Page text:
Indicating a need for instruction in the area critical thinking, and that critical thinking and analysis was a desired objective of religious education. Ḥāmid ibn Burhān ibn Abī Dharr al-Ghifārī wrote, Risālah fī ādāb al-muṭālaʻah (Treaties in the method of Studying) in the fourteenth century. This books primary focus as explained by the author is the explanation and guide for students and researchers (Ghaffari, 869). Al-Ghifari (869) states in his introduction, “Everything that one reads will be either a statement or a propositional claim. The reader must consider if the requirements of a definition are met, if the definition is adequate, is it circular…”. Al-Ghifari’s work is significant because of the profound influence he had on seventeenth century Ottoman scholarly culture. (ElRouayheb, 2015) In fact El-Rouayheb’s research clearly displays a shift in the type of literature written regarding the method of study. This shift focused on the methods of verification and critique rather than the ethical aspect of learning. Al-Ghifari (869) writes in his final advice to his readers,

“And be careful that you don’t restrict yourself to merely rote memorization of words without understanding the inner meanings of those words. This can create stupidity and mental lethargy; in fact, such memorization has the propensity to complete take away one ability to understand deeply”

According to Diallo (2010) and Gunther (2006) and the majority of Islamic educationalist, memorization of Quran and prophetic traditions is the base of the Islamic educational system. The focus and attention placed on memorization of traditional sources of knowledge has caused, in Diallo’s (2010) understanding assumptions about the Islamic educational system. For example, the idea that such as pedagogy impedes on the learner’s creativity and critical thinking skills and that this memorization based pedagogy creates passive learners. These mentioned assumptions regarding the effects of a memorization based educational system are then placed in juxtaposition with the western pedagogy based in critical thinking development where students actively participate in the knowledge building process.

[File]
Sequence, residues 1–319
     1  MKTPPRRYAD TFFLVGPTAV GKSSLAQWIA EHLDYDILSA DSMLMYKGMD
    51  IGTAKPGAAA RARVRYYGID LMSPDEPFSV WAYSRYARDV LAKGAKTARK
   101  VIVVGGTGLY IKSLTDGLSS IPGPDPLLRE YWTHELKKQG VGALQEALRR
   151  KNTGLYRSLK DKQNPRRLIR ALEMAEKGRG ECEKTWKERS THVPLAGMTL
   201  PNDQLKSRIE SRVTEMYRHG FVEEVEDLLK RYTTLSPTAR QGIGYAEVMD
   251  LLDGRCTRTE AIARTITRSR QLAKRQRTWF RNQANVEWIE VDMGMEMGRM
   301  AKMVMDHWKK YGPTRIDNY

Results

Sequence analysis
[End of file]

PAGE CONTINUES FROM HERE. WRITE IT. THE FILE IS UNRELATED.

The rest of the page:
A curriculum development manual was written as early as ninth-century, by Muhammad ibn Sahnun, titled Rules of Conduct for Teachers (Adab al-Muallimun) (Gunther, 2006). This treatise deals with issues that an elementary school teacher might face when teaching. He discusses aspects of curriculum development, examination, appointment and payment of teachers, organization of teaching, supervision of pupils at school, supervision of pupils on their way home, discipline of pupils and conflict resolution and final graduation of students. (Gunther, 2006)

Ibn Sahnun’s treatise also sticks with the Islamic norm of placing Quran memorization as the base for educational pursuits. Interestingly however is Ibn Sahnun’s instruction to teachers to challenge the mind of the pupils.